Legacy Museum = Knowledge = Pride = Achievement
The gathering for the tenth annual dinner of the Legacy Museum filled the dining room at Virginia University. Together with 250 noble Lynchburg citizens were other distinguished attendees such as Delegate Shannon Valentine, Mayor Joan Foster, Lynchburg City Council member Caesor Johnson, and the keynote speaker, Pierre Thomas, as well as several members of his family.
Mr. Thomas, currently with ABC News, is a native of Amherst County and a graduate of Virginia Tech. He began his career in journalism withThe Roanoke Times and World News before moving on to The Washington Post and then to ABC News. His reporting during 9/11 contributed to winning Peabody and Alfred I. duPont-Columbia University Awards and an Emmy for ABC News. He attributes this achievement to having been able to suppress overwhelming emotions about the horrific events while on the air.
His speech in Lynchburg was not unemotional, but was filled with warmth and passion, and struck exactly the right chords with the audience. This was due not only to journalistic skills. His speech had the ring of truth, because Mr.Thomas grew up in Amherst County, is rooted in the region, and is one of its people. Unlike some speakers, he did not simply rush in, inform himself a bit about the area, make a few comments with local color to impress and amuse the audience, and then rush out again.
Despite his distinguished career and many awards, Pierre Thomas is a humble man. He told the audience that he knew no millionaires or famous people when he was growing up, but drew inspiration instead from a father who never missed a day of work. This work ethic served the audience well on the day of the dinner. Had it not been for this lesson from his father, the audience might have sat there without a speaker. The day had seen several breaking news crises, and someone at ABC News had hinted that Thomas might consider canceling his trip to Lynchburg. Canceling a fund-raiser (for which he received no payment) and casting aside a commitment made some time ago would not have met with the approval of his father. Thomas never considered doing so. Instead, he made an arrangement with the ABC News affiliate to report the news from Lynchburg at 6:30, and was able to rush over to Virginia University in time for his speech. In between, he even managed to visit the Legacy Museum.
Pierre Thomas is passionate about the power of education and the importance of institutions such as the Legacy Museum in educating people-particularly the young. For him, education is the “great equalizer.” He reminded the audience that in 1831, Virginia passed a law making it illegal for slaves to learn to read. Clearly, those who passed this law knew that reading was the key to empowerment. So did the slaves. Thomas reflected upon what it must have been like to be in chains on a slave boat, ripped from family and all that one holds dear and familiar, bound for an unknown destination. Rather than viewing slaves as helpless victims, he emphasized and celebrated the tremendous spirit enslaved people had to have simply in order to survive. This made them special. He stressed the importance of empowering today’s youth by tapping into that incredible strength.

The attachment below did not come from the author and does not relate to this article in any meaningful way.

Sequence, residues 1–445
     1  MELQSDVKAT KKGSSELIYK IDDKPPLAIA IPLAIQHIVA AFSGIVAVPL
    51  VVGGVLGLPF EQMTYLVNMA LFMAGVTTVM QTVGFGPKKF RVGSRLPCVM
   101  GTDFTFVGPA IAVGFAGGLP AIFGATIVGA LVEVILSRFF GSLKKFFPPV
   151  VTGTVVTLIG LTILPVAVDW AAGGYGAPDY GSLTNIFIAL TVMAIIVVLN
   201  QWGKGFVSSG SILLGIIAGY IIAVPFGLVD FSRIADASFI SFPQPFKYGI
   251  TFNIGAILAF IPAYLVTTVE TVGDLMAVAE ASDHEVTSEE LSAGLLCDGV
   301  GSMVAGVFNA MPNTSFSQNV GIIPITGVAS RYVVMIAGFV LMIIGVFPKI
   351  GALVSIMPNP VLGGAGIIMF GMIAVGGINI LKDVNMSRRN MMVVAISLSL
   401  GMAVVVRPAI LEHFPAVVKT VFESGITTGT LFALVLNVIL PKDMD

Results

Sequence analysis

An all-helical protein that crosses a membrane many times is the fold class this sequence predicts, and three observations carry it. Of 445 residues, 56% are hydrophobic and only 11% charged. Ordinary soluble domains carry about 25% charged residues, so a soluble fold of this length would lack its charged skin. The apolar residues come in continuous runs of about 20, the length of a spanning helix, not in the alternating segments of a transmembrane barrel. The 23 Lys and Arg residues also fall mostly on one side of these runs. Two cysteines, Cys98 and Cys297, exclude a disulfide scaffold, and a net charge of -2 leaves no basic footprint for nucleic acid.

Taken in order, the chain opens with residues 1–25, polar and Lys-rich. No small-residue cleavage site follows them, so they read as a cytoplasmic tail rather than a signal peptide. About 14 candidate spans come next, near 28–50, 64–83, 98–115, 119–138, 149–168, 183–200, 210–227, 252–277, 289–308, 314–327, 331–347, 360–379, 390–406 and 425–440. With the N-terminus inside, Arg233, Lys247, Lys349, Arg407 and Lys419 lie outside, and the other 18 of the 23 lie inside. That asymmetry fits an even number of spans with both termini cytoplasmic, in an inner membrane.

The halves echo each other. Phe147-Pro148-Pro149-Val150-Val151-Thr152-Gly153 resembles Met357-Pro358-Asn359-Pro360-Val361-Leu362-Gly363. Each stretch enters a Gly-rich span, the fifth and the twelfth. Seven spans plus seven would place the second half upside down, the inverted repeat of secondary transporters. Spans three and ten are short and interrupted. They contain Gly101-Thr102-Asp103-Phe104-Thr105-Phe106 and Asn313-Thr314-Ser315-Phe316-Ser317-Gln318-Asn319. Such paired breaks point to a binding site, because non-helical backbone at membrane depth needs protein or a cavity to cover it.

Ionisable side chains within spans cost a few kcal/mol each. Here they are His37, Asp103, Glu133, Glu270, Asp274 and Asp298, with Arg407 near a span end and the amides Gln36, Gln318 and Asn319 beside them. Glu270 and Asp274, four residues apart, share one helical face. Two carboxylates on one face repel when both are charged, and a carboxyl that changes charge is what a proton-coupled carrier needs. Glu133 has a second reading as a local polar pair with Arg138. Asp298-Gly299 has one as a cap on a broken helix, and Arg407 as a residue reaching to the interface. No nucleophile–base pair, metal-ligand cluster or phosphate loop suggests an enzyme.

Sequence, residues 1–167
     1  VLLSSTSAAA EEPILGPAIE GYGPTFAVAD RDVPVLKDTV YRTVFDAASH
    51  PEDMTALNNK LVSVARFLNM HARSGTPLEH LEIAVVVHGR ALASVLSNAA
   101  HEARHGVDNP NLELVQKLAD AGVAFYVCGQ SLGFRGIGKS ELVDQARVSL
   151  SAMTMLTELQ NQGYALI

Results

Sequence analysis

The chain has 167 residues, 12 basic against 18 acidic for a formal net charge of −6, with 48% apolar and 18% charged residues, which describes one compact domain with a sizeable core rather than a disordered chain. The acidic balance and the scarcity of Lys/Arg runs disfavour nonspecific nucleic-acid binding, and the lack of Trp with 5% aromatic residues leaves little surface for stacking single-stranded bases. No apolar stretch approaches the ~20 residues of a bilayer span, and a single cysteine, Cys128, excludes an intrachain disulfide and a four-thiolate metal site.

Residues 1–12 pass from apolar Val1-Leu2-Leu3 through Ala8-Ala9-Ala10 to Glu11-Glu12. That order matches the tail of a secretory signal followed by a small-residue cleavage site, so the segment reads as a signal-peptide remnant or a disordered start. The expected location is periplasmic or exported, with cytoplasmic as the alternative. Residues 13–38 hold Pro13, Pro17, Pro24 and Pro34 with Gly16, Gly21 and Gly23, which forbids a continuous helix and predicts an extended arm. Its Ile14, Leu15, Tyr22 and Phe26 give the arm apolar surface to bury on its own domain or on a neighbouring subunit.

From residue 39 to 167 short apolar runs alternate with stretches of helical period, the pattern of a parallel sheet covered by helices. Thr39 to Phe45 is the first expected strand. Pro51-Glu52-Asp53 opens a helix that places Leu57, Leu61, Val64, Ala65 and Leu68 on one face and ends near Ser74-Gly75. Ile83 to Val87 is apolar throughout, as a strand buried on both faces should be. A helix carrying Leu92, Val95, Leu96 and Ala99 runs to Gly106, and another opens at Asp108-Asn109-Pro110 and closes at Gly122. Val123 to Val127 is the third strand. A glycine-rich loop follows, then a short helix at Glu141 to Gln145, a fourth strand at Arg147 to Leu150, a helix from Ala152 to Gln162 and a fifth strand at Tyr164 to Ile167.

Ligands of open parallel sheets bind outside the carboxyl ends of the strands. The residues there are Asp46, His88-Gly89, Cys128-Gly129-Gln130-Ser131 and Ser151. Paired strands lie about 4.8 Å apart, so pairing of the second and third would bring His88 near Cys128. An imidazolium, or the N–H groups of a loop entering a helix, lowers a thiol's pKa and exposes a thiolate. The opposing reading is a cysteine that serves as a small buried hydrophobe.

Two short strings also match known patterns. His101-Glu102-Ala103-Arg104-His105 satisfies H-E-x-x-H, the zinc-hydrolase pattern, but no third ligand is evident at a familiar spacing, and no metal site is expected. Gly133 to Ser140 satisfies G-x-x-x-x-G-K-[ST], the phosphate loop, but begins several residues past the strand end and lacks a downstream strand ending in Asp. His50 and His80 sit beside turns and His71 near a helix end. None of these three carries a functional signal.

In order to illustrate the urgent need for instilling the strength and values of their forefathers in today’s young people, Thomas described the sadness that he feels when he sees a young African American walking down the street with his underwear showing. This struck a strong chord in the audience, producing loud applause. Such young people must learn to draw pride from the past and to understand its power. That is where the Legacy Museum comes in. It is a door between the past and the future, and Thomas urged everyone in the community, particularly the young, to visit it.
When asked what advice he would give to young people interested in journalism, Mr.Thomas gave a very simple but powerful answer: One should simply say “You can do it!” His recognition that it is not necessarily easy, and that there are still obstacles, produced more applause from the audience. Yet, quoting from “Lift Every Voice and Sing,” popularly referred to as “The Negro National Anthem,” he said that not only can today’s youth “sing a song full of faith,” but also, “now, a song full of hope.” Words such as “hope” and phrases such as “You can do it!” consciously call forth the role model of President Obama. Although too modest even to insinuate such a thing himself, Pierre Thomas is also a powerful role model for young African Americans. Pierre Thomas and Barack Obama could do it, and so can they! Pierre Thomas and Barack Obama are carrying on the spirit of their forefathers and achieving the dreams of their fathers, and so can they!